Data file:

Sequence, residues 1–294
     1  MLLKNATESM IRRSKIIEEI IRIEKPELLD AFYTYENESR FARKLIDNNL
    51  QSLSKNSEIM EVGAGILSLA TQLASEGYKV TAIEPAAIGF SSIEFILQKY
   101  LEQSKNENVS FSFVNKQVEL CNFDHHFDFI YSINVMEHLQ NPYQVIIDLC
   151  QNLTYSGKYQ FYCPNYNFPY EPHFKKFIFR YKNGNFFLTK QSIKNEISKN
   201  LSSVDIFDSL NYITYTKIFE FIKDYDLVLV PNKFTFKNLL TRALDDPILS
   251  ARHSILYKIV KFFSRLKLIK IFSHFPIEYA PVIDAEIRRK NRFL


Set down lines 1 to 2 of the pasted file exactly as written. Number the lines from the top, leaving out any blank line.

Sequence, residues 1–294
     1  MLLKNATESM IRRSKIIEEI IRIEKPELLD AFYTYENESR FARKLIDNNL